Volume II Number 3
November 3, 1995
One Village, One War:
Hantsport, Nova Scotia: Lancelot Press, 1995. 374pp, paper, S16.95.
ISBN 0-88999-563-X. No CIP.
World War, 1914-1918-New Brunswick-Dorchester.
World War, 1939-1945-New Brunswick-Dorchester.
Grades 10 and up / Ages 15 and up.
Review by Neil V. Payne.
They shall grow not old,
as we that are left grow old;
Age shall not weary them,
nor the years condemn,
At the going down of the sun
and in the morning
We will remember them
There are 41 names now, 16 more than there used to be, but the
monument also says things the names themselves don't say. Its arithmetic
is strikingly similar to the statistics for the entire country: the loss
of lives in 1914-18 was roughly 50% greater than it was in 1939-45 when
the national population was twice as large. Moreover, the village has
done what many communities have: it has, in a sense, accepted that there
were not two wars but one, has put the names of the fallen of 1939-45 on
the memorial to the fallen of 1914-18. Many cities and towns have
dedicated parks and libraries and rinks as memorials of a more practical
kind, but something has happened to the theology of monuments; some
scepticism or bewilderment in the 20th century mind seems to have numbed
the urge to erect memorials to human beings, perhaps as part of a doubt
in man about man himself.
So the names of the 16 dead of my generation stare at me, and I
remember most of them. Their faces come to me, young again, surprisingly
vivid, laughing with the radiance of youth, haunting with the age they've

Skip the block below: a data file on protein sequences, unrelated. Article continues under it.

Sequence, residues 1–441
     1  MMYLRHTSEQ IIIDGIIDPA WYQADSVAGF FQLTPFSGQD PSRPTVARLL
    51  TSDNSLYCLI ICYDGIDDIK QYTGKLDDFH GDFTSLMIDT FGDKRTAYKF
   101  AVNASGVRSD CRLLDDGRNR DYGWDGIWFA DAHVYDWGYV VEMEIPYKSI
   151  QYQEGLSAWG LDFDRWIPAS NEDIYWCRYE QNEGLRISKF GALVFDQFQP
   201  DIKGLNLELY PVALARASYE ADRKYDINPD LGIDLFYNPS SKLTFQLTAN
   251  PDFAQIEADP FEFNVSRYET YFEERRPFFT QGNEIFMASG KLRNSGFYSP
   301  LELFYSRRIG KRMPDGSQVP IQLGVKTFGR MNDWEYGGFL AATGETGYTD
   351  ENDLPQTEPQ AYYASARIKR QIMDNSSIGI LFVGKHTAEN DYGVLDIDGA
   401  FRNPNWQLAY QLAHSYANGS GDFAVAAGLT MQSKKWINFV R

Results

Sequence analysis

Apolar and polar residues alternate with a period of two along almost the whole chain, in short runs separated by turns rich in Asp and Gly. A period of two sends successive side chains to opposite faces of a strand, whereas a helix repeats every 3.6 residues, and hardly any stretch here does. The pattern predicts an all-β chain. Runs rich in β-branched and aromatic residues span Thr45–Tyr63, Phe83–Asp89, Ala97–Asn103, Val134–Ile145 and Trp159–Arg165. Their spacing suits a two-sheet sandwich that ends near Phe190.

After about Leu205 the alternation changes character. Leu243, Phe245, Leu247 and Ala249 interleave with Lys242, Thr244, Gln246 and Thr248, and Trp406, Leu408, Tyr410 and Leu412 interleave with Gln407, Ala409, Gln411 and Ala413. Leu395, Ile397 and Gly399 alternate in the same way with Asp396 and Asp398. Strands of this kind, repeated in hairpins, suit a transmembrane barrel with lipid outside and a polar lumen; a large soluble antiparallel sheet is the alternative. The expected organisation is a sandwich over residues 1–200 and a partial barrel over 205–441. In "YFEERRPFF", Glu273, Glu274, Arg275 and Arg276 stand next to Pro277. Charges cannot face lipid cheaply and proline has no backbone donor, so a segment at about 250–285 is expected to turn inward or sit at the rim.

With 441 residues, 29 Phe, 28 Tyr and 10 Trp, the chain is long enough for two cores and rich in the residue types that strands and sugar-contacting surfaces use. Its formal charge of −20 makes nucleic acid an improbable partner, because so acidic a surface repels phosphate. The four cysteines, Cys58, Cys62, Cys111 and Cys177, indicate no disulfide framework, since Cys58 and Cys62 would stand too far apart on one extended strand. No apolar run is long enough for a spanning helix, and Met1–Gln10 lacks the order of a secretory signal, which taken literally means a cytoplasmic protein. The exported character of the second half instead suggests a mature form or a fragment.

been denied. But when the service is over I look at the original 25
names, and I recognize family names but no faces come to me. For they are
the names of men who died before I was born. In the evening at the Legion
banquet, I speak of the village dead of my own generation and suddenly
realize that most of the men in the room have never known them either. I
remember that amid the incandescence of the '60s there arose among the
young a feeling that since war is bad something less than honor is due to
those who wage it; that at a recent Remembrance Day service at nearby
Mount Allison University virtually the only students who showed up were
those assigned a role in the ceremony.
One village, One War was a project that started as a
memorial to the war dead of the village of Dorchester, New Brunswick,
because, the author feared, most Canadians living today have no memories,
no experiences, no understanding of either the importance of those years
in Canada's development, or what they were like for the people who lived
One village, One War describes Canadian life in that
period as it was in one small village. It details how Dorchester lived
the events that forged the identity of Canada as an independent nation,
both internally and among the community of nations. And it reminds us how
great events shape and are shaped by the everyday lives of ordinary people.
It's all there: the experiences of the ones who went away to fight
for King and country, and those who stayed behind; those who returned and
those who didn't; the quiet self-effacing memories of Canadian veterans
contrasted with the self-assured, movie-driven American hero.
There is also an unexpected dimension -- the Klotz family, German
immigrants whose children grew up alongside the author during the Great